Mold under a Microscope

What does mold under a microscope look like?

Here’s a quick tip: Mold under a microscope looks like regular, smooth shapes – spheres, grapes, clubs, elongated soccer balls, and so on. Mold does not look like irregular, jagged particulates. You will see a lot of dust and debris under the microscope. Look for the smooth shapes.

Here’s another tip. There are thousands upon thousands of types of fungi (which is another generic name for mold). Happily, only a half dozen – or maybe a dozen – genera¬†are commonly found in homes.

“Genera” is the plural for “genus.” Remember “genus” and “species” from your high school biology? For example, if you have Aspergillus niger in your home, Aspergillus is the genus, and “niger” is one of about 200 species of Aspergillus.

Thus, you don’t have to feel overwhelmed, that you’d never remember all the types of mold that might be visible under the microscope. There are only a relatively few genera that would typically show up in a tape sample from your home.

Here are 8 common fungi in homes:

  • Alternaria
  • Aspergillus (pronounced as-per-jill-us)
  • Chaetomium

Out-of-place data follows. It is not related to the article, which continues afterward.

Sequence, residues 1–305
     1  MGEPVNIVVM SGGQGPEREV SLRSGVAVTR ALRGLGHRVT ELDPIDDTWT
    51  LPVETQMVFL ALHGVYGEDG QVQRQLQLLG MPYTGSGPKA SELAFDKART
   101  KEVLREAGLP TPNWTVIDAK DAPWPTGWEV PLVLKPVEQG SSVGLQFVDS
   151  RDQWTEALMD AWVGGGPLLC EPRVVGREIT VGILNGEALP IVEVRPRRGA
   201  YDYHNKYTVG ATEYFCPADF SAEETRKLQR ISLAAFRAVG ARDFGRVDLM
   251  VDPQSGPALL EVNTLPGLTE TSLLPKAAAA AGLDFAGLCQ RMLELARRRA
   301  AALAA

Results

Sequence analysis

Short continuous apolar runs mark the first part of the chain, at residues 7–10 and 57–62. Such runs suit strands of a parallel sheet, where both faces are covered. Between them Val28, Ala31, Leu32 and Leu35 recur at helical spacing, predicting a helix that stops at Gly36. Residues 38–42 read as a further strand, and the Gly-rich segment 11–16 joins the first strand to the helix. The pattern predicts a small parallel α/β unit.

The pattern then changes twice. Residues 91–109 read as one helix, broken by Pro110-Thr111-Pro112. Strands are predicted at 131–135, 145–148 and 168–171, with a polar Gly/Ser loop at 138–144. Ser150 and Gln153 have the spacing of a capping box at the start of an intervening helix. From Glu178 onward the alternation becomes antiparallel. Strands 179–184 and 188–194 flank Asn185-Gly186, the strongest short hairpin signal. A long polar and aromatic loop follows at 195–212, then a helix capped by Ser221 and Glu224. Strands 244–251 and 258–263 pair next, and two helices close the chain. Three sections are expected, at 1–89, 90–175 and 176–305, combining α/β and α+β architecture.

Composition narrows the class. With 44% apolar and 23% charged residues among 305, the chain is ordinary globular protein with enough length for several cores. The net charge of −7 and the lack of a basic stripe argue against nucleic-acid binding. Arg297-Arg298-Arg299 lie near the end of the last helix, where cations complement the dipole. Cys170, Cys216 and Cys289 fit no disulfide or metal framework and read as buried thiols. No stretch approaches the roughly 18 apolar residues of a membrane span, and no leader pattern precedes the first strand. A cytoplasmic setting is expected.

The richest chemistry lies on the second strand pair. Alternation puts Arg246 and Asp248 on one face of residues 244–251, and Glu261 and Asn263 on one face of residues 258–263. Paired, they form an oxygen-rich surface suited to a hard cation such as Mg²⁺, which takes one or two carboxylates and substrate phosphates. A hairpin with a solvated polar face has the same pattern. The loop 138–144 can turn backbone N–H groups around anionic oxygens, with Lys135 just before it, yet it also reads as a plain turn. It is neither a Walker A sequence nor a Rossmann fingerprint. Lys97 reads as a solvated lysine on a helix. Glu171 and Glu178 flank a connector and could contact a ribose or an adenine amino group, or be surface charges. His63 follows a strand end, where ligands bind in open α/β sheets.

• Cladosporium
  • Penicillium
  • Stachybotrys
  • Trichoderma
  • Ulocladium
¬†Now I’ll lead you through a tour of mold under a microscope, concentrating on these 8 genera.
Alternaria growth
Alternaria growth

Alternaria is a common outdoor and indoor mold. Spores are large, and growth is darkish. It grows in leak areas, such as under a shower pan. One young fellow said his asthma worsened as soon as he climbed the steps to the 2nd floor of his home. The culprit was a tiled shower with an improperly sealed ledge. Water seeped under the shower pan and under the common wall with the chap’s closet.

Immature Aspergillus fruiting body
Immature Aspergillus fruiting body

to be continued….




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